Court Case 2: The Scottsboro Boys Trial
Charge: Assault and rape
Plea: Not guilty
The Scottsboro Boys Trial represents one of American history's darkest chapters. Nine young black men ranging in ages from 13 to 20 years old were arrested on March 25, 1931, for assault charges resulting from a fight that broke out on a freight train in Paint Rock, Ala. Two white women on the train -- Victoria Price and Ruby Bates (who later confessed that she lied) -- also claimed rape by the group of men.
Once the boys were taken into police custody in Scottsboro, Ala., the white community rioted outside of the jail, calling for punishment. Within five days, on March 30, the boys were indicted by a grand jury. By April 9, all but the youngest of the group had been sentenced to death by all-white juries.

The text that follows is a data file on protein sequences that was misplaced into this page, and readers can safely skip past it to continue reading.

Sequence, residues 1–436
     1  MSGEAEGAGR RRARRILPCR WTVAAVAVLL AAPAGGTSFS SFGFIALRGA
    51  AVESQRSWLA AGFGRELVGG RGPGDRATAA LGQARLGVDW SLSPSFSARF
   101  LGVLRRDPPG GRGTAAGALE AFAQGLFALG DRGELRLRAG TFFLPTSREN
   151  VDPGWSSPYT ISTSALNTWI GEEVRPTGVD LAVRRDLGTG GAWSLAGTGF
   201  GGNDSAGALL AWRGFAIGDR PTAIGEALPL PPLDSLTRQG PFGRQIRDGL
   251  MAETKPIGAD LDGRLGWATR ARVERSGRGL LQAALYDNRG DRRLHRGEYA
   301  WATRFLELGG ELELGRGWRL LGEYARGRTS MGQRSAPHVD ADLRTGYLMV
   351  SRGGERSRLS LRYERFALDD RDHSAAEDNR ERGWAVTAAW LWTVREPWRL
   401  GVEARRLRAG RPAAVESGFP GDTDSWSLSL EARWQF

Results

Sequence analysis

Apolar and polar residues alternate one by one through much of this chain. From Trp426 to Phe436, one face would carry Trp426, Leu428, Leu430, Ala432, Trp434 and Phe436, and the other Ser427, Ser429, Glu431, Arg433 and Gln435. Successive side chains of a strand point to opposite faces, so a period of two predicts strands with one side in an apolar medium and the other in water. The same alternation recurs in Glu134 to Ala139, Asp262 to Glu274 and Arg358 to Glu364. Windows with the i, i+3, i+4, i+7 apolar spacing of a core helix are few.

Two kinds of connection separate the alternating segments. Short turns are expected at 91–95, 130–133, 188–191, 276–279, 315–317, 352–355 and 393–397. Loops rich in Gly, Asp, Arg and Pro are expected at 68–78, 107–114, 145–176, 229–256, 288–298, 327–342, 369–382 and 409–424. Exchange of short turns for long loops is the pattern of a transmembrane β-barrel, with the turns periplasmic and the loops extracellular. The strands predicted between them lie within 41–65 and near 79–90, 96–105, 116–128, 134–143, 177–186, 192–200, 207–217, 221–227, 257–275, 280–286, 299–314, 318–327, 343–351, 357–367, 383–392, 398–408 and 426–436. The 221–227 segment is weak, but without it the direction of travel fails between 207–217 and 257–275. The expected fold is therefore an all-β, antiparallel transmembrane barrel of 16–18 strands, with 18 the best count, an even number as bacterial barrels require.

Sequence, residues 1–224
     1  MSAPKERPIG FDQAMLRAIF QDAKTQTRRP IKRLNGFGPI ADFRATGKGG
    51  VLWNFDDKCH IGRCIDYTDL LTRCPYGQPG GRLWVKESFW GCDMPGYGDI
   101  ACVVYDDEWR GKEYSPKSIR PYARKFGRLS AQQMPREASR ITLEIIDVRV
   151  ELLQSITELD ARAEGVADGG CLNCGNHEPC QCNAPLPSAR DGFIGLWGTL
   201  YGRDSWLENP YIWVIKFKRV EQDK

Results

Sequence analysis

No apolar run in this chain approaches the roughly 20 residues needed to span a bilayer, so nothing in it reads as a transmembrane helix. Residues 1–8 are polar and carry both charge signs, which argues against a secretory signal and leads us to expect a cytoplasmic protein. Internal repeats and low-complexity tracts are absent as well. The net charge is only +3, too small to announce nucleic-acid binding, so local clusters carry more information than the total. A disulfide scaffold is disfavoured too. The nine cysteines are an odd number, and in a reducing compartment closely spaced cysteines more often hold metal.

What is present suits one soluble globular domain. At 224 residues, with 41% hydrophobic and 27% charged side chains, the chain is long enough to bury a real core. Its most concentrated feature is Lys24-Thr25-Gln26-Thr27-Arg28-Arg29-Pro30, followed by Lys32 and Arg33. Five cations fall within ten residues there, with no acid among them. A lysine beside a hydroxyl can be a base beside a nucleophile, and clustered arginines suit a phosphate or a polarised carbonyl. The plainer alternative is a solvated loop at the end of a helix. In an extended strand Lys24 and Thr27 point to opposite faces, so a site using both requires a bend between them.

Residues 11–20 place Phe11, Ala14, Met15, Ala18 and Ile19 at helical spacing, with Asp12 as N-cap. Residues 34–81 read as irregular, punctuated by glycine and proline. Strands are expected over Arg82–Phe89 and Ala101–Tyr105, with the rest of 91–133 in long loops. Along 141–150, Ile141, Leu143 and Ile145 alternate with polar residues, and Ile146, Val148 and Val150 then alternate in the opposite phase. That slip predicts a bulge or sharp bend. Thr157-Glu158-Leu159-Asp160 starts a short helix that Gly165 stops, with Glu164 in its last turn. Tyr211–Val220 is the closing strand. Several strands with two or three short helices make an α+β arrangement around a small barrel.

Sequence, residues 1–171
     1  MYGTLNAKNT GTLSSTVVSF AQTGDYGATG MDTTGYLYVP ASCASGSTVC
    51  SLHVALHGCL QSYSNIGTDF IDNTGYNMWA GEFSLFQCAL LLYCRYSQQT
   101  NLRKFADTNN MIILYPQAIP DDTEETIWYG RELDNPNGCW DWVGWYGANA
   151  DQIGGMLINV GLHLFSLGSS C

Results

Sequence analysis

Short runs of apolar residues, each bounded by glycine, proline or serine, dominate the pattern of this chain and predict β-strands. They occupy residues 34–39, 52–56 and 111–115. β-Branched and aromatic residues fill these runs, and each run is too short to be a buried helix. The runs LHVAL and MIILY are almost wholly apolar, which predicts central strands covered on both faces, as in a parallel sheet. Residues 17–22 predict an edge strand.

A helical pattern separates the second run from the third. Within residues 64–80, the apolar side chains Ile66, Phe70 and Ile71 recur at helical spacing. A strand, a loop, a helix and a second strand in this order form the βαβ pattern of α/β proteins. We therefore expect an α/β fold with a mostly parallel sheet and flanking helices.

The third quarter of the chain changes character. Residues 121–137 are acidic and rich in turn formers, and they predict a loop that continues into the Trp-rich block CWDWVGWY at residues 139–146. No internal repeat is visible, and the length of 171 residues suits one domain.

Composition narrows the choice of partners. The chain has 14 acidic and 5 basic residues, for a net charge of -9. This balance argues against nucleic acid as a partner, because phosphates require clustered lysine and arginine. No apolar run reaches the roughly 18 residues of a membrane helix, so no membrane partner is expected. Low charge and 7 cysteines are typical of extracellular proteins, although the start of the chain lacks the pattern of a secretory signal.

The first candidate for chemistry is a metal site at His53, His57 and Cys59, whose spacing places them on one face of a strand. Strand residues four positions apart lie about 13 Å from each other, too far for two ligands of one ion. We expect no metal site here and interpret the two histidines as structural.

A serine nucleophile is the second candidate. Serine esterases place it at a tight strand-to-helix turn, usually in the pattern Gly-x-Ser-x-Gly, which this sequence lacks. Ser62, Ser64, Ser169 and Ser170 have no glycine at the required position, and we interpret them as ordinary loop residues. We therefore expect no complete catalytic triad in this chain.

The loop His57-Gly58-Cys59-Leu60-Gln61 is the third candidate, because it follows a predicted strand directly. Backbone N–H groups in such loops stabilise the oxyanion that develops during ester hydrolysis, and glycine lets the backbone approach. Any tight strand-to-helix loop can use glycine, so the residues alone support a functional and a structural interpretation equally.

The case moved to the Alabama Supreme Court in 1932, which upheld the previous convictions. Then, the U.S. Supreme Court heard the case, ruling that the defendants' rights had not been upheld, which sent the case back for retrial.
After three trials and six years in prison, the charges were dropped for four of the boys: Willie Roberson, Olen Montgomery, Eugene Williams and Roy Wright. The other five -- Charles Weems, Ozie Powell, Clarence Norris, Andy Wright and Haywood Patterson -- remained in prison and were eventually released on parole years later.